If that dog was a GSD, then I would say put it down. Because the owners are not suited to the breed or to dog ownership, and the level of damage done, what is the point in wasting resources on such a dog, since the dog's owners who supposedly love the dog are unfit. It would be sad. Because it would have been totally preventable.
These dogs definitely have an area that seems secure. Animal control seemed to feel the area was secure enough to leave the dogs there to quarantine them, and they do check that. (My dog killed a raccoon and I called the health department, concerned about rabies, and they came out and told me to quarantine the dog, and where he was was fine to quarantine him.)
Here's the thing, how did the neighbor contain the dogs so fast and save the child. By the time a woman heard the screams of her child and ran two doors down, the child was pulled to safety. Some how the dogs bit her too? How? I have seen dogs in an all out attack. One guy would have a heck of a time pulling two dogs off and kenneling them. If the dogs were intent on killing the child, how did he prevent it?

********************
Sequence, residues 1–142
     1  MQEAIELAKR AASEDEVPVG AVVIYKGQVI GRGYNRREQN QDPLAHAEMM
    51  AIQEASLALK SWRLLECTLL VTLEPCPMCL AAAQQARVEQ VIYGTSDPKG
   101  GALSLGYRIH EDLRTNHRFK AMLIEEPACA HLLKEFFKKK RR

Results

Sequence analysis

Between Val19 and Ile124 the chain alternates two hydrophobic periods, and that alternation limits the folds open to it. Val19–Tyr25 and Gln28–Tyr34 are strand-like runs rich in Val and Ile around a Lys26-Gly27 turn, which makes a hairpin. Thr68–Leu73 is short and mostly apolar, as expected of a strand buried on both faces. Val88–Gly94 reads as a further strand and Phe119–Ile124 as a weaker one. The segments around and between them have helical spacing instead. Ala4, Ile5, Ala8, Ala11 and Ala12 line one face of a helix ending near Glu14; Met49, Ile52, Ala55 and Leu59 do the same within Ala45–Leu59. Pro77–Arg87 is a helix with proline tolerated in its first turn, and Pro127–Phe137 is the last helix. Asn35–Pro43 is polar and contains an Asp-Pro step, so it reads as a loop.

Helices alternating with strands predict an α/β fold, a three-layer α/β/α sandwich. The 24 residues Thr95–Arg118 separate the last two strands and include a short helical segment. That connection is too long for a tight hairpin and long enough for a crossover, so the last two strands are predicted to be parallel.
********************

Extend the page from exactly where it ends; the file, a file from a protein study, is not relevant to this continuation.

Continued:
I am trying to think how I would. I would probably grab one dog and drag it to the fence and shove it in and then go back for the other dog. And drag it off the child. How did the dogs get to the mother, but are not concerned with the neighbor at all. If he went into the pen, and lifted the child out of the pen, over the fence, or if he reached over and pulled the child to safety, but then, how did the dogs get to the mother?
I am trying to picture how this happened. If the dogs were only trying scratch and play with the child, rough play, being yelled at by the neighbor could drive them off of her, and then when the mother was screaming and hollering onto the scene the dogs might have amped up on that. But even then, how did she get away if the dogs were all out attacking. How did she get away without serious injuries?
The thing is, when one dog does something awful, lots of times the other dogs will join in, and it seems like things can escalate faster with more than one dog present.
I guess we will just have to see how the court rules on this, or if more information is released. Not sure why it would be. German Shepherds attack child is not necessarily that out of the ordinary from all I hear.